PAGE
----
I have mentioned the shift of development of new technology for the offshore oil and gas industry from USA to Europe, especially Norway and the Netherlands in the last 3-4 decades.

Today a Dutch HLV loaded with drilling modules built in Grimstad and assembled from drilling equipment produced by Cameron in Kristiansand left Norway:

She is headed to Texas, where the modules will be incorporated into a bigger unit, before being transported to Brazil for installation in a field operated by Equinor.

That is a typical example of how modern projects are developed; by multi-national co-operation, not by national protectionism.


Other technology is also soon showing up in a gulf near you soon.
This one doesn’t require HLVs to be carried across the Atlantic though:


The case is not entirety closed yet, apparently:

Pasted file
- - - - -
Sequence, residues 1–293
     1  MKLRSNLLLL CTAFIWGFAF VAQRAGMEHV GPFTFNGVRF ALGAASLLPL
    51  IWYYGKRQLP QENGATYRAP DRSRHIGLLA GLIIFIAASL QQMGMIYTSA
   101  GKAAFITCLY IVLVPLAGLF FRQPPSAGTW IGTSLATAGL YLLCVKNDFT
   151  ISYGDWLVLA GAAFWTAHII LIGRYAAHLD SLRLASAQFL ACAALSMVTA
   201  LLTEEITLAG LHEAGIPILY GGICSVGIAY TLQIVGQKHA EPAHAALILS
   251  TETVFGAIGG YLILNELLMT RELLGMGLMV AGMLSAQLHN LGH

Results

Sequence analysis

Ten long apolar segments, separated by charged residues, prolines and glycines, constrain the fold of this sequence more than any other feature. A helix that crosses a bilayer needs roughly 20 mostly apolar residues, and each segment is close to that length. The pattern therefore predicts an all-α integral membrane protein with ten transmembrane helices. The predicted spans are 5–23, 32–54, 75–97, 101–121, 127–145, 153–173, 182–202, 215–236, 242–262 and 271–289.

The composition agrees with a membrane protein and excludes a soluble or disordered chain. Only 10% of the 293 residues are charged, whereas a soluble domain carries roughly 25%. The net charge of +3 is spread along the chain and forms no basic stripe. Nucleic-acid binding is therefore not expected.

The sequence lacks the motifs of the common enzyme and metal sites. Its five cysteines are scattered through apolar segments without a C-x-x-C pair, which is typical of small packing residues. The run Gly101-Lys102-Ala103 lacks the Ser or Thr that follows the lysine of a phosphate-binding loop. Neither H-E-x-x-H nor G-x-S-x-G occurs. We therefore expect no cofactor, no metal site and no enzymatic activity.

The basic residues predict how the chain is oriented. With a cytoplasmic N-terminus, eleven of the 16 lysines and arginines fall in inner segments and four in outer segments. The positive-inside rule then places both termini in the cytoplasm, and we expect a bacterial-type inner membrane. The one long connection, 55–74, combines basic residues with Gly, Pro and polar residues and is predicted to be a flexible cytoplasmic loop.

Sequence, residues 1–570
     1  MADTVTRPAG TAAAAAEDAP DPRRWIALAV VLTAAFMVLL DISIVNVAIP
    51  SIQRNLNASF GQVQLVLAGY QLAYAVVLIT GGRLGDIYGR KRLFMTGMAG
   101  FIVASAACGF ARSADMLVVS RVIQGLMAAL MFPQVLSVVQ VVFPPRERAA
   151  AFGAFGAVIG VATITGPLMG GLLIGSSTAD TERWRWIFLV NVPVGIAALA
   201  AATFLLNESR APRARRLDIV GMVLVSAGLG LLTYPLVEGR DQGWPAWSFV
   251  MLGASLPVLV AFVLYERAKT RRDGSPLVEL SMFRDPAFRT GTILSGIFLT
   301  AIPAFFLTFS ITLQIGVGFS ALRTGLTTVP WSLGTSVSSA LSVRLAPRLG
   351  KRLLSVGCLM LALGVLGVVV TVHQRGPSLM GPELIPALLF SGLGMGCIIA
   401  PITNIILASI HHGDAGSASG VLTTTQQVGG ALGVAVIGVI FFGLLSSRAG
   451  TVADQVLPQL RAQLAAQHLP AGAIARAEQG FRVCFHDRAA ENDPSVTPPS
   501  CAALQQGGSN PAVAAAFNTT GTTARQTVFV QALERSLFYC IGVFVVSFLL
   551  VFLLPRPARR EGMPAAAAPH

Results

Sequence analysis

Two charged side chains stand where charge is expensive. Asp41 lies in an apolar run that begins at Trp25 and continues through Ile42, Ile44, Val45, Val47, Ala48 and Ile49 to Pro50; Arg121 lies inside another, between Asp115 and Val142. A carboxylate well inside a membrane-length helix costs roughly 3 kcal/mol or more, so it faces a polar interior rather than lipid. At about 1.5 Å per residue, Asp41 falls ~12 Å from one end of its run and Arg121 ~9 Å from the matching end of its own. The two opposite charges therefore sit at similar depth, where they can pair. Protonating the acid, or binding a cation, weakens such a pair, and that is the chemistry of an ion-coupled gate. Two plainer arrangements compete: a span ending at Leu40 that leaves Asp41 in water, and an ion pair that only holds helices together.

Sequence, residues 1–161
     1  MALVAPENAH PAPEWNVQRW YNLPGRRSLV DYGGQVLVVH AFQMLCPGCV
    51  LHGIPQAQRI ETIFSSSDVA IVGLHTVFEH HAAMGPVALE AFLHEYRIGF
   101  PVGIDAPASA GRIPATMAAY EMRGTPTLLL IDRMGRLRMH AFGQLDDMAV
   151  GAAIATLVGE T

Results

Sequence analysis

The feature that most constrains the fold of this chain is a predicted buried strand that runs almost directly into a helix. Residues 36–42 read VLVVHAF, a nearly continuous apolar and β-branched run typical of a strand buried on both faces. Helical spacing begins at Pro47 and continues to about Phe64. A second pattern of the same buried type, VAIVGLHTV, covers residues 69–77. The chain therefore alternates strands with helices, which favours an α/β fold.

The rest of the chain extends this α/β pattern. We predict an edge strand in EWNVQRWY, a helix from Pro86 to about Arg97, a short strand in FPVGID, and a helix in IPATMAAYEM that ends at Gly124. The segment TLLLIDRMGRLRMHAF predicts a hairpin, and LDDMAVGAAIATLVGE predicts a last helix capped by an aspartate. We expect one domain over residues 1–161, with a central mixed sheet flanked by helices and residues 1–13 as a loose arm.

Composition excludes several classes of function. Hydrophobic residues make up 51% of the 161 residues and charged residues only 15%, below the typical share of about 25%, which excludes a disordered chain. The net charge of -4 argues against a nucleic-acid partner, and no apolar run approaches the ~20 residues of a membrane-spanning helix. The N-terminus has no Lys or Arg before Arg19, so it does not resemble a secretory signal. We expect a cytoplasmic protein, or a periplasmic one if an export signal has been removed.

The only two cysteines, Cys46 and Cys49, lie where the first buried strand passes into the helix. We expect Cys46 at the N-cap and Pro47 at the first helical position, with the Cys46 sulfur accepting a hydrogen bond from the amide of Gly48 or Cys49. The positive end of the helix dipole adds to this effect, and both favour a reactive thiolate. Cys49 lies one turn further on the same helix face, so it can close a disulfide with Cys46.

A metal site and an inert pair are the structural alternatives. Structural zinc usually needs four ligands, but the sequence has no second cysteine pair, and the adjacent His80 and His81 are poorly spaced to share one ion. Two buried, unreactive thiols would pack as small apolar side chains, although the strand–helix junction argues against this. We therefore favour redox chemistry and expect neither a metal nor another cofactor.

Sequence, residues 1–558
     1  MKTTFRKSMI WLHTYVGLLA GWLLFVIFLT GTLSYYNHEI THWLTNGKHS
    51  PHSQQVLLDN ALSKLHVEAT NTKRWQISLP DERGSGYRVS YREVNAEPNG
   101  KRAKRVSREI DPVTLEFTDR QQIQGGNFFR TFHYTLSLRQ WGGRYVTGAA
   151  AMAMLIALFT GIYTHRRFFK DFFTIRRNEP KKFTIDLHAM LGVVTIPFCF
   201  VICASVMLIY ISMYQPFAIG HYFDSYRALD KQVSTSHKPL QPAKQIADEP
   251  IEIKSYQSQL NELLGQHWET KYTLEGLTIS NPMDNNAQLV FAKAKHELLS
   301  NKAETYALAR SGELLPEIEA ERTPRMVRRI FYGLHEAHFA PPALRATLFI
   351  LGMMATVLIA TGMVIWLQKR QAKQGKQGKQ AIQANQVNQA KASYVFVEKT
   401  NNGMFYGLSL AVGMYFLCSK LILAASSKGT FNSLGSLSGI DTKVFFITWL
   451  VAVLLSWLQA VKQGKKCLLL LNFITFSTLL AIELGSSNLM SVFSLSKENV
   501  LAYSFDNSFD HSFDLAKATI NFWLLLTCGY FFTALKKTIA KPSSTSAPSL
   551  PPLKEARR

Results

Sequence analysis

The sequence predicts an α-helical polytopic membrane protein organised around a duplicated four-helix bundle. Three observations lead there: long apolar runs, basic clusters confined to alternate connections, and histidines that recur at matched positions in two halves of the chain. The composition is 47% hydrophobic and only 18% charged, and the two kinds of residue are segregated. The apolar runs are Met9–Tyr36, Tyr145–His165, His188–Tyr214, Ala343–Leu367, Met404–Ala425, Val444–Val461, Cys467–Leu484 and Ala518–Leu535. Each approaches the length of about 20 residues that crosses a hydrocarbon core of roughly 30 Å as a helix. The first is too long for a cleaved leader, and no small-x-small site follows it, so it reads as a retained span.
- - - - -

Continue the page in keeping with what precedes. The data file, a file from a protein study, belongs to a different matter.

Another new technology that may spread to the world soon:


NDP is sending the Seabed Worker to map resources in the Norwegian Sea near Jan Mayen:


The first search have been completed, here is the report:


There are still a lot of interest in exploring on the Norwegian shelf. Here is a list of the companies that have signed up for permit to explore:

One noticeable different from years past; only ONE American oil major on the list. (ConocoPhillips)
40 years ago they were in majority, as was American drilling contractors and rigs in operation in Norwegian waters. Even American flag boats were operating here with at least some American mariners on board.

There are still a number of American owned boats and rigs in operation in the North Sea, (incl. Norway) but not many American to be seen, on board or in the shore based management.


The living quarters module for the Johan Sverdrup Field has been completed and awaiting installation by Pioneer Spirit in the spring:

This article is written in Nynorsk so it does not translate well with Google translate, but the 19 pictures from the interior should be descriptive.


A historic even was the construction, towage and installation of the heaviest man-made object ever moved, the Gullfaks C Condeep Platform.